Variety (Apr 1942)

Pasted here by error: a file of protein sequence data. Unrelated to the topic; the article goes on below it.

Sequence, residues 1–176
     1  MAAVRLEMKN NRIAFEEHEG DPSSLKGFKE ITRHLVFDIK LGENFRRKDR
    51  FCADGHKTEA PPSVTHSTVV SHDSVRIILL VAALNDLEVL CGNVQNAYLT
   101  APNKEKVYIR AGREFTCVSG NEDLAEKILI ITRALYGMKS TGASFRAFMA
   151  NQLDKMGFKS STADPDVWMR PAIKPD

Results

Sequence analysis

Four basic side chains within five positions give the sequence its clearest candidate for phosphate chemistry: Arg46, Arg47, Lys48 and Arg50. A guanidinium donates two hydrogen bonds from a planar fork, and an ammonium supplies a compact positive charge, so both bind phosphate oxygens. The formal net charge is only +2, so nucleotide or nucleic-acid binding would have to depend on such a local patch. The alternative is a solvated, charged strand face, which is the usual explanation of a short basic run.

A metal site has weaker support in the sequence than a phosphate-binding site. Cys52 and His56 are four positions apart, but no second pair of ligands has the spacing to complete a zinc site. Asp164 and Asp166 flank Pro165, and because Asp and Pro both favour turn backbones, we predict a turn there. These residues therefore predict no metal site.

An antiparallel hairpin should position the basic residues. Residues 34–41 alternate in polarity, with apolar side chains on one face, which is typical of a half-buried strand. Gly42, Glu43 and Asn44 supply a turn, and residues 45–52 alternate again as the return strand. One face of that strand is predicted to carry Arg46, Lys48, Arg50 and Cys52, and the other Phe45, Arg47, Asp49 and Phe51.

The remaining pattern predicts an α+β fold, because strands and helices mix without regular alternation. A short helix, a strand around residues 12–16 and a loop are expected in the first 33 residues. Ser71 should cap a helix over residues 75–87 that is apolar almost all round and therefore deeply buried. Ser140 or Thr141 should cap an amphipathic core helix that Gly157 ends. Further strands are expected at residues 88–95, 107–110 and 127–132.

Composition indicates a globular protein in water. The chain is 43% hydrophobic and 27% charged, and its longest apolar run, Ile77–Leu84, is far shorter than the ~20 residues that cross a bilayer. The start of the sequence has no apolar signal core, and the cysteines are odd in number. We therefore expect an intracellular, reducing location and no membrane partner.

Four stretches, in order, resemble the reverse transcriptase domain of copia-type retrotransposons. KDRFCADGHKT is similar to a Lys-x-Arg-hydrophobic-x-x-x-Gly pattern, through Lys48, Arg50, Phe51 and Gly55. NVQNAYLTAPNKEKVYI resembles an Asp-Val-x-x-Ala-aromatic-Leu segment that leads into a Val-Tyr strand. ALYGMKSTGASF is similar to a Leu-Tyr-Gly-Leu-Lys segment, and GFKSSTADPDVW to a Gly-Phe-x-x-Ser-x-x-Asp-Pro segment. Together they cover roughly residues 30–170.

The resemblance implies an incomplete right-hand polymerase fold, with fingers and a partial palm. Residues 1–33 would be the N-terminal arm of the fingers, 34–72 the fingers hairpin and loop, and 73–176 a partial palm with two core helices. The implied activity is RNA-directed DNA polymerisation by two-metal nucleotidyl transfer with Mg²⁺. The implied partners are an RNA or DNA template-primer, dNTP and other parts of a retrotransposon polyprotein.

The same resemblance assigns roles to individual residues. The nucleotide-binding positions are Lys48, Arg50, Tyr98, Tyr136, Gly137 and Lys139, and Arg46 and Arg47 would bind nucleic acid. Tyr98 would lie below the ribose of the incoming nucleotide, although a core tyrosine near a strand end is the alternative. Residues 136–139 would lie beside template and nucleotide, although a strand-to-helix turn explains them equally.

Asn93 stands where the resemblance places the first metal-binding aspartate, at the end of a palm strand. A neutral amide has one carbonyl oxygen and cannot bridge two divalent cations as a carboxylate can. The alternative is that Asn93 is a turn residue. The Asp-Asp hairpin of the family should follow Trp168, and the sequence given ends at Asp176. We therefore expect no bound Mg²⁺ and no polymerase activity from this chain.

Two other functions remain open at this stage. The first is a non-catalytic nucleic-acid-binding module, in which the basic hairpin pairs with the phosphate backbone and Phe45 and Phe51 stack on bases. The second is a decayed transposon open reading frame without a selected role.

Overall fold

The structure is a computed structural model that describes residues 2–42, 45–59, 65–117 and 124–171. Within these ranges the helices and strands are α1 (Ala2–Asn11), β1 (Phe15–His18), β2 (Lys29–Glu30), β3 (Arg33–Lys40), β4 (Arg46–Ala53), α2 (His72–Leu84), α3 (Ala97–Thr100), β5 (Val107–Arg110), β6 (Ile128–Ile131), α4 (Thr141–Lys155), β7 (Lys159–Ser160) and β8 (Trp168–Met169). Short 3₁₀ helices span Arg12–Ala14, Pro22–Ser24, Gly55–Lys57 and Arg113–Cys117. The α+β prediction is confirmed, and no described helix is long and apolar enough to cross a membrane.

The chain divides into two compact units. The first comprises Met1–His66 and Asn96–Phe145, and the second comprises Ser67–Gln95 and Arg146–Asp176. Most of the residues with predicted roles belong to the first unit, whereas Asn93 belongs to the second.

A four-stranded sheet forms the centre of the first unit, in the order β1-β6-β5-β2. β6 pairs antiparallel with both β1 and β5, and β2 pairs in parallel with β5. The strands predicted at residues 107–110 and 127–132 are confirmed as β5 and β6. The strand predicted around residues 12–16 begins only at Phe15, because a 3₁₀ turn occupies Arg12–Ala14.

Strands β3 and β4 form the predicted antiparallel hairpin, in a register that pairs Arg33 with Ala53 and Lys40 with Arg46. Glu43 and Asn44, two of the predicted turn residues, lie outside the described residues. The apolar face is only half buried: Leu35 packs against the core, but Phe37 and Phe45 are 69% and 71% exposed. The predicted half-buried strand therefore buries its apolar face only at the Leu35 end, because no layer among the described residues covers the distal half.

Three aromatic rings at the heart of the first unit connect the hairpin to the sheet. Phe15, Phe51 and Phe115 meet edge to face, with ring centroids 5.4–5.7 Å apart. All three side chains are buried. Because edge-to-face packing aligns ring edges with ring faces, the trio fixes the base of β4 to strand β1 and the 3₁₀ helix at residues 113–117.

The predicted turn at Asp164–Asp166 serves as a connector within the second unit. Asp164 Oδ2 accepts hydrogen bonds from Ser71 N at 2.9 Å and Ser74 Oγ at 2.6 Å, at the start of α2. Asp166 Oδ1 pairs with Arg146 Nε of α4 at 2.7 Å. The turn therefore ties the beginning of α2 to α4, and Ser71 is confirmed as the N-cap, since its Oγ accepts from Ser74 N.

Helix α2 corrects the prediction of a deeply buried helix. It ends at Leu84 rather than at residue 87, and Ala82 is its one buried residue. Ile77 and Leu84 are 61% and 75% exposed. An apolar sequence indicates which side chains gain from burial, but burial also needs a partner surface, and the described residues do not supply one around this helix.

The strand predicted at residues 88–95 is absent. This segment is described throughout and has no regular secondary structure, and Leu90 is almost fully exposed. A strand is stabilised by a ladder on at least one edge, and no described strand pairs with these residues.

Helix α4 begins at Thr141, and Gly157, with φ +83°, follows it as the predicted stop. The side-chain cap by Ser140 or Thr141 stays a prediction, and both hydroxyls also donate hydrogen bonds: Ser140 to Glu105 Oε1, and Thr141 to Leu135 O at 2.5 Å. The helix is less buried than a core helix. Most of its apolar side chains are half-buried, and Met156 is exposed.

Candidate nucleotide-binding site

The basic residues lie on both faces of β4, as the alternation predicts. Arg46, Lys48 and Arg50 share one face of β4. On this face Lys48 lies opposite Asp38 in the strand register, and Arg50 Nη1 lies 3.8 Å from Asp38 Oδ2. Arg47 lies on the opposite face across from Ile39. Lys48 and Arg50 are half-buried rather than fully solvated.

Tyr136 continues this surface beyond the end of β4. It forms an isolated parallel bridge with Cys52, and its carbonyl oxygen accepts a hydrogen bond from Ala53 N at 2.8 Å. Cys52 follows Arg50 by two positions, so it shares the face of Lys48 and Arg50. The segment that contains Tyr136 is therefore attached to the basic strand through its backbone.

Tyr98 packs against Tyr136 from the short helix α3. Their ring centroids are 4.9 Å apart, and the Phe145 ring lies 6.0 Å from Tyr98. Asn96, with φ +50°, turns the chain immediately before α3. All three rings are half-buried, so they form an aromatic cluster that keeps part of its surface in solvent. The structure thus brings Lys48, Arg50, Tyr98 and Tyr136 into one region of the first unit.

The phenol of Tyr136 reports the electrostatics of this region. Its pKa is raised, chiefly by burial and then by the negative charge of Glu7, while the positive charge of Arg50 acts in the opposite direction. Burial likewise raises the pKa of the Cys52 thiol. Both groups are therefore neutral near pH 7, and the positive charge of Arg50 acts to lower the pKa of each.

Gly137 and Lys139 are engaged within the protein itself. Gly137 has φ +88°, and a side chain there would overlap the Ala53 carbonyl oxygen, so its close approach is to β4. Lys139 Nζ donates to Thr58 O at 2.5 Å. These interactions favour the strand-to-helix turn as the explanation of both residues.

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50 LEGITIMATE Wednesday, April 22, 1942 • ► T ^ 1942 Strawhat Lineup 7 ************************ * *********************** Summer theatres which have announced plans for the coming season, or that are reported likely to operate, are listed below. They are arranged in alphabetical order according to location, totth name of theatre or com' panv, and management. Most pro/essional companies are bonded by Eqvitv. but some without Equity franchise claim professional rating. Equity status of each spot is indicated, where known. Martha's Vineyard (Mass.) play- house; Matunuck, R. I. (Theatre-by- the-Sea); Nantucket (Mass.) players; Skaneateles (N. Y.) playhouse; Sut- fern, N. Y. (County theatre); Tam- worth, N. H. (Barnstormers); White- field, N. H, (Chase Barn playhouse). Ablncdon, Va. (Barter theatre).— Robert Portfleld has announced plans for \the summer. (Okayed by Equity.) Add Arbor, Mich. (Ann l.Arbor Drama festival). — Valentine B. Windt will again direct the early- summer season. (Equity-frahchised.) Beverly Shores, Wis.—L. Newell Tarrant and Julielma Daves an- nounce plans for this new spot. (Equity status not Indicated.) BUnvelt, N. T. (Blauvelt play- house).—Thomas Eldershaw listed as planning a schedule. (Non- Equity.) Boothbay, Me. (Boothbay play- house).—Sherwood Keith will direct. (Non-Equity.) Boston, Mass. (Undisclosed Shu- bert house)—^Nate Beers, with offices In the Sardi building, N. Y., planning a season. (Probably Equity.) Brantord, Conn. (Montowese play- house).—Mrs. Beulah Wile and Hor- ton Foote wfll have this location. (Equity.) Brldgehampton, L. I. (Hampton Summer theatre).—Charles O. Carey scheduled to open June 29 and will also take his troupe to Southampton, Shelter Island and 'Westhampton. (Equity'Status not indicated.) Canibrldite. Mass. (Brattle Hall).— John Huntingdon has announced a May H opening, with an 18-week season. (Equity.) Cape.May, N. J. (Cape theatre).— T. C. Upham announces a 17-week or 18-week season, starting May 27. (Equity.) Chatbam, Mass. (Monomoy thea- tre).—Mary B. Winslow opens, her schedule July 6. (Equity.) Cohasset, Mass. (South Shore players).—Mrs. Alexander Dean and Fred Btirleigh will again manage the spot. ■ (Equity.) Dallas, Texas. (Fair Park casino). —^The Shuberts are reported opening June 27 tor a season of operetta. Del Monte,' Cat. (Del Monte thea- tre).—Georges V. Banyai has an- nounced a July 1 opening. (Equity status not indicated.) Dennis, Mass. (Cape playhouse).— With producer. Richard. Aldrlch in the Navy, Arthur Sircom will direct. The season opens July 3. (Equity.) Denver (Elltch Gardens).—A. B. Gurtler will again manage and George Somnes will direct (Equity.) Ellleott City, Md. (HUItop theatre). —Don Swanfi,' Jr, to have the spot again. (Equity.) Essex, N. T. (Champlain players). —Frynne Hamden and Thomas Craven plan a season. (Nop-Equity.) Excelsior, Minn. (Log tiieatre).— Robert L. Aden announce:, a sched- ule of revivals for this new location. (Equity status not indicated.) Fitchbnrf, Mass. (Lake Whalom theatre).—Guy Palmerton reopens in mid-June for his ninth season, with • 12-week schedule. (Equity.) FItchb'nrr, Mass. (Lyric theatre).— William Friedlander, 'formerly as- sociated with the" Jutland (N. J.) strawhat, opened Monday (20) for a spring season of guest-star revivals. (Equity.) Gloaeester, Mass. (Bass Rocks theatre).—Martin Manulis expected to relight this stand. (Non-Equity.) Goshen, Conn. (Country theatre). —Herbert Gellendre will manage the spot (Non-Equity.) • Holyoke, Mass. (Mt. Tom theatre). —Lauren Gilbert is planning a sea- son,.. (Equity status not indicated-) Ivoryton, Conn. (Ivbryton play- house).—Milton Stiefel is returning for his 13th season at this key stand. (Equity.) Jenoerstown, (Mountain play- house).—James Stoughton is re- ported planni.ig to return here. (Equity.) Keene, N. H.. (Faragut players).- Freeman Hammond due to continue . another season. (Equity.) -< Lake Pleasant, N. Y. (Tamarack playhouse).—Malcolm Atterbury will probably be back at the spot. (Equity.) Lonlsvllle, Ky. (Iroquois Park amphitheatre). — Fred de Cordova ' .will produce-direct an operetta sea- son from July 6 through Aug. 15. (Equity.) Maplewood, N. 3. (Maplewood theatre). — Cheryl . Crawford and John J. Wlldberg have unofficially revealed plans for hnot'.er season to open May 30, but the situation is said to be nnt completely settled. (Equity.) Marblehead, Mass. (North Shore players). — William Judd and John Washburn .reported returning to the spot. (Equity.) Mlllborn, N. J. (Paper MIU play- house).—Frank Carrington expected back for another season. (Equity.) Mlneola, L. I. (County Fair the- atre).—David Lowe is reported plan- ning a season. (Equity status not'in- dicated.) Moylan, Pa. (Hedgerow theatre).— Jasper Deeter remains In charge of this repertory group, which operates year-'around; (Non-Equity.) Mt Gretna, Pa. (Gretna theatre). —Margaret Mansfield is expected to relight the spot. (Equity.) New Hope, Pa. (Bucks County playhouse).—Kenyon Nicholson and Theron Bamberger return for their third season at this key house. (Equity.) New Milford, Conn. (Theatre-in- the-Dale). — Louis Townsend will probably relight the place. (Equity.) Newport, R. I. (Casino theatre).— Eleanor Farrington and Mary Massey are due for another season. (Equity.) Otnnqolt Me. (Ogunqult play- house).—Mrs. Walter Hartwig starts a 10-week season June 29 at this long-established spot. (Equity.) OlB^y, Md. (Roadside ttieatre).— Steve Cochrane reported plannjng a season. (Equity.) Pawlinr, N. T. (SUrllght theatre). —Teddy Jones will, operate this stand, also touring to Poughkeepsle, Danbury and Mt. Kisco. (Equity.) ' Peak's Island, He. (Greenwood playhouse).—Richard Osborne opens June 24 for 10 weeks. (Non-Equity.) Peterboroosb, N. H. (Peterborough players).—Edith Bond Steams Is ex- pected to return. (Non-Equity.) Beading, Pa. (Green Hills play- house).—William Boyer due for an- other season. (Non-Equity.) . Saratoga, N. Y. (Spa theatre).— Ted Hammerstein reported' planning to take over operation of this, spas- modically-active spot (Equity status not Indicated.) Sayvllle, L. L (Sayville play- house).—Edith Gordon and Walter Drey are returning for another sea- son. (Equity.) Shorewood, Wis. (Shorewood the- atre).-Morton Da Costa, formerly at Port Washington, Wis., has moved nearer Milwaukee. (Status not in- dicated.) Skowhegan, Me. (Lakewood the- atre).—Herbert L. Swett, manager, and Melville Burke, director, are re- ported uncertain about relighting this stand, one of the oldest in the country. (Equity.) St LpDia (Forest Park).—Richard Berger will start his" Muny Opera season June "4 and continue through Aug. 30. (Equity.) Stookbrldge, Mass. . (Berkshire playhouse).—William B. Miles op^ns his regular schedule June 29. (Equity.) Stony Creek, Conn. (Stony. Creek players).-Ronald T. Hammond will again direct the season. (Equity.) Toronto (Royal Alexandra the- atre).—Frank McCoy Is planning to continue this summer. (Equity.) . Westboro, Mass. (Red Barn).—Rose Dresser reported planning another season. (Equity.) Westboro, Mass. (Town Hall play- house).—Edna Holstrom will man- age, in the absence of.Alan Gray Holmes, who is in the arrrjy. Dann Malloy will direct Season opens June 27. (Equity.) Westport, Conn. (County play- house).—John C. Wilson will be as- sociated in the management of this standard spot again. (Equity.) White Plains, N. Y, (Ridgeway theatre).—Dorothy and Julian Olney planning another season. .(Equity.) Woodstock, N. Y. (Woodstock play- house).—Robert Elwyn to relight the spot again. (Equity.) .Yardley, Pa. (Yardley theatre).— Nat Burns will again direct. (Equity.) Number of other spots vvhich had been active in former summers, but not expected to relight this season include: Arden, Del. (Robin Hood theatre); Clinton (Conn.) theatre; Eagles Mere (Pa.) playhouse; Great Neck, L. I. (Chapel theatre); Guil- ford, Conn. (Chapel playhouse); Harrison, Me. (Deertrees theatre); Holyoke, Mass. (Mountain Park ca- sino); Indianapolis (Keith's theatre); Kennebunkport (Me.) playhouse; Plays on Broadway J WHAT BIG EARS Farce romedy In three acts prcicntod nt the WlndBor. N. T., April 20. ''12, by U Daolel Blank k David Sllberman: written by Joe Rlalnger and Judson O'Donnell: atased by Arthur Pleraon; aetttnga by Horace Armlatead; $3.30 top. Jean Martin... Ruth Weaton Joey Smithera Edwin PMIlpa Qabby Mnrtin Taylor Holmea Lucaa Owen &fnrtln Betty Loeda Mnrllyn Ersklne Knirofd Ralph Bunker McCall Owen Lnmont The Profeaaor Reynolds Bvane Huldoon QeorKr Churcti Police Lieutenant Herbert DuRy Olympe OroKpn Ethel Morrison Dr. Trondle Hnna Roborta Brewater BYederlck Howard And Mildred Todil, XlcK- Dannie. Slerllni; Moce, Pitt Herbert. Royal Rompel, Louts Cnirlea, Warren Goddard, Tom Daly. 'What Big Ears' is plenty mediocre. It is a farce comedy with foolish characters and has a Hollywood background that doesn't help. It was lau|hless except for an audience mi- nority on opening night and has no chance on 'Broadway. / Play has plenty of faults, but It was not shof-stringed, there being three sets supplied by a new man- agerial team. The error was In se- lecting a weak script just like quite a few well-known managers did this in-and-out season. As for casting, that department might have been better handled, too, but It's doubtful if that would have been a solution. Enough actors are wasted anyhow. Gabby Martin, a pitchman, and 'fais mate, Jean, find themselves flat In Hollywood, along with Joey Smlthers, a youth who shUIs as an old woman when they sell their miracle medi- cine to. the hicks. They hadn't in- tended staying around, but tarried because, their truck was being re- paired. After considerable arguing Joey consents to take a studio job as . an aJc dame. Sappy producer thinks he has a find. "Grandma Smithers' is signed and starred as 'Whistler's Mother.' That should have put the wah- derers on easy street^but Gabby Is an inveterate horse player and owes a chunk to the bookie. The Martins attempt to take It on the lam, but sinister guys from the bookie inter- fere yet all hands go to New York for the film's premiere. Final act In a. hotel room has most of the play's -action. Some flrst-nichters laughed, but others were too disappointed by that time and wouldn't have giggled even If It were funny. It Is here that the usual farcical situations occur, as the connivers at- tempt to hide their nhopey grandma. There Is much confusion leading up to the disclosure and then the al- leged picture people see an out In- tending to annoimce to the public that the grandmother part was played by a youth. They blandly figure that It will be regarded as a sensational studio stunt That's how nutty the story Is. Taylor Holmes, as Gabby, and Ruth Weston, as Jean, work hard enough but get mild results. Edwin Phillips Is the masquerading old dame and ithnresslon Is (hot he doesn't think it funny. Ralph Bunker is a curious type of picture oroducer. and most of the others stnb at their narts without success, although Ethel Mor- rison drew some laughs as a boozy hotel maid. Some real camera and - studio equipment Is U!;ed at ore nolnt. but the play is a phoney. Blame it on '(Parley's Aunt.' ^ Ibee. YESTERDAY'S MAGIC Comody-dramn In threo nets (six Bcenen)* by Emiyn WllUamfl. Stars Paul Muni; features Jettslca Tandy, A1fr«d Drake. Staffed by Reginald'Denham; setting by Watoon Barmtt. Presented by Theatre Oulld. at OulUI theatre, N. Y., April 14, '42: 41.1.30 top ($4.40 opening). Mrs. Banner Brenda Forbes Bnrty Patrick O'Moore Fan : Cathlcen Oordell Bevnn • James Monks .Maddoo Tromns • Paul Munt Cattrln • Jefli^len Tandy Hobert Alfred Drake Mrs. Lothian Margaret Douglass Inside Stuff-Legit Abrupt folding of "Banjo Eyes,' ceased by Eddie Cantor's indisposi- tion, resulted In any nimiber of diflicultles among the Warners' Holly, wood, N. Y., boxoflice staff. Several groups from Virginia expressed keen disappointment, saying they came north especially to see Cantor, and a bunch of women from Passaic, N. J., was irate when they turned up at the theatre Monday (13) last week and found the house closed. They bought tickets a number of weeks In advance and threatened *plenty of letter-writing* if the comedian was on his weekly radio broadcast Cantor was on the program in two blts'ftom his hospital bed. Couple of people also from Jersey wanted the boxoSice to give 'em their fare in addition to the ticket refund. Two others from Jersey, who were to see the show on the cuff, also wanted their fares. Cost of running lines to Cantor's hospital room Was ^roiind $1,000. He gagged with Baker, first refused. $64 for subbing, but accepted when Cantor offered the same pay he gave guests. Cantor was sup- posed to sign a check for $64, but got a pain and called for the doctor instead. Another bit had Cantor squawking because at least 16 internes came into the room to look him over. A change of pace didn't work out for Max Llebman, who turned legit producer for one week. He was doing ahright in a quiet way coUabing on material with Sylvia Fine from Danny Kaye. Then somebody steamed him up over a dour melodrama, 'Autumn Hill,' which opened and closed at the Booth, N. Y., last week. Llebman presented the play, an activity which he discerned was offside when the notices appeared. Instead of trying to blame the critics, Lleb- man composed a series of 'punch lines' 'which were Inserted atop the show's ads in the failles, which read: 'Left Me Limp'—The Producer; 'Gripping'—The SUge .Hands; 'Electrifying'—The Switchboard Man, 'Had Us In the Aisles'—Ushers. Play closed Saturday (16) after near zero receipts and on that day the new manager sent out mourning cards to the critics 'which, under the title of the show read: 'Bom April 13, 1042. Died the same night Deep- est gratitude for your message.'. That line was his only known expres- sion of a squawk.' That romantic love all good actors have for the theatre has led Emlyn Williams, author of 'Night Must Fall' and "The Corn Is Green,' to write a greasepaint play, Yesterday's Magic' Under its original title, 'The Light of Heart,' it ran 700 performances in London, witii Conwajr Tearle and then Williams himself in the leading part. It seems shallow and too sen- timental for exacting playgoers, especially in these turbulent times, and it will probably have only a mild run here, not much more than called for by the Theatre Guild's subscription commitment. It isn't likely to pay back the investment, but offers likely possibilities for film adaptation. Although the play's flaws and lim- itations are obvious, it is written from a genuine affection for the stage and its people. It Is a kindly and generally disarming work, If hardly a penetrating or vital one. . < . 1 ,1 11T < I 1 J a -c 1- >. I-1 'Commodore' Barnet Moss, pop of Moss and Bernie Hart, returned from Florida with a lyric he wrote, but it isn't about shows his sons are inter- ested, in. Old boy has a patriotic rhyme and Is seeking a publisher. He was probably inspired by the Influx of army men into Miami He was vacated from four hotels, taken over successively by the eoi^, and then came north. Will amble to Grosshiger's, his summer stamping grounds. The senior Hart has seen 'Junior Miss,' which' Moss staged at the Lyceum, several times. Says it has more laughs than 'You Can't Take It With You,' the Hart and Kaufman cleanup comedy. That is a partial conces- sion from him for, after he saw 'Can't' he said 'it stinks' Moss Hart is also 'back from the south where he went after months of complicated dental treatments. It was a first time perhaps for a drama reviewer to cover the circus, as did Brooks Atkinson In the N. Y, Times when he devoted his Sunday (19)'column to the Rlngling show at Madison Square Garden. Little doubt he took on the extraneous assignment because of the blending of the stage and the circus in the presentation'of the big top's spectacles through such directors as' John Murray Anderson, Norm'an Bel Geddes and George Balanchlne. Atkinson was rather meticulous In the ^overage from the menagerie to the performance itself. He arrived at the opinion that the circus lives up to the 'greatest show' billing, which is something from a guy Who doesn't pull punches, or not often anyway. For the second time friends of the late Louis Ohms carried a page in the Treasurers Club ball program of the' event which was held at the Waldorf-Astoria, N. Y., Sunday (12) last week. Many of those who con- tributed to the memorial are in ticket agencies. Their payments totaled $267, although the regular ad page rate is $100. Other pages paid for by friends of club leaders also considerably topped the regular rate. Ohms .was former treasurer of the Empire and thereafter was In the boxoffice of Henry Miller's. Another change in inanagement of 'Of 'V We Sing,' a little revue hid- den away on 58th street at the Concert theatre, has been made. Alex H. Cohen, yoimg showman, withdrew, leaving Lennie Hatten holding the bag. Latter is also a kid manager. Show was slated for the Leventhal neighborhood houses and summer spots, but such bookings are not definite. It closes Saturday (25). Peggy Wood's book, 'How Young You Look,' Is attracting considerable attention.. 'Volume, which has been on the stands for several weeks, quotes her mother, who had a flair for" contriving crisp - sayings. Miss Wood is featured in 'Blithe Spirit' Morosco, N. Y. Her mother is deceased. Because of fire regulations, 27 seats have been removed from the mezza- nine at the Imperial, N. Y., where 'Let's Face It' is playing. Removal was ordered because of a cross-over, but it is possible they may be replaced. Means about $500 less weekly in possible gross, tickets tor those locations being $3.30 at night and $2.20 iii the afternoons.' Dorothy Bryant, former executive secretary of Chorus Equity and for a brief period with the American Guild of Variety Artists in-the same capacity, has rented her Connecticut home and aims to return to show biz union activities. She was on crutches for some time, having fractured a bone in her foot after shpping on the floor at home. But it is sincere, warm-hearted and at times both amusing and moving. It is weakened in certain respects by the casting, but it contains some honest actmg and is competently produced. If the plot weren't already pretty obvious from the opening curtain, the program's list of six scenes would be the tipoff. The leading character, a former star, is shown at the start'as drinking himself out of even the job of department store Santa Cl^us, And as the program indicates that all the action takes glace in ^he t>ame jhabby theatrical oarding house, it's immediately ap- parent that his attempted' stage comeback wont take him far. So when he has clicked in a small part and is about to play King Lear for C. B. Cochran at Covent Garden, the audience knows he'll get soused just before the premiere. In addition to Jiese shortcomings the play is miscast particularly in the vital leading part It's a diifi- cult role in any .-^.se, since the char- acter is a boozey, self-pitying weak- ling and failure. Paul Muni gives a thoughtfully conceived and carefully detailed performancr, but he lacks the personal magnetism, the inherent gaiety and the sense of humor lor which .the part,^ and .the play Itself, cry aloud. Jessica Tandy, on the other hand, is fortuitously cast as the actor's lame, seU-sacrlfldng daughter, and she gives a glowing, believable per- formance, she avoids seeming self- conscious about the girl's lameness, sets up the other actors in her scenes with them, and skillfully projects the heroine's warmth and intensity. Her voice, which in :he past has tended to become shrill in emotional scenes, is admirably controlled. Alfred Drake is persuasive and at- tractive as the girl's musician-sweet- heart; Brenda Forbes Is^expertly comic as a numbskull landlady, and Margaret Douglass is plausible as the star's devoted fan. Cathleen Cor- dell, Patrick O'Moore and James Monks are acceptable in smaller parts. Reginald Denham's sympa- thetic staging is theatrically direct and there is occasional, though too infrequent, ttse of offstage music for mood and atmosphere. Watson Bar- ratt's setting suggests the proper .shabblness of impoverished actor lodgings, Kobe. . 1 i: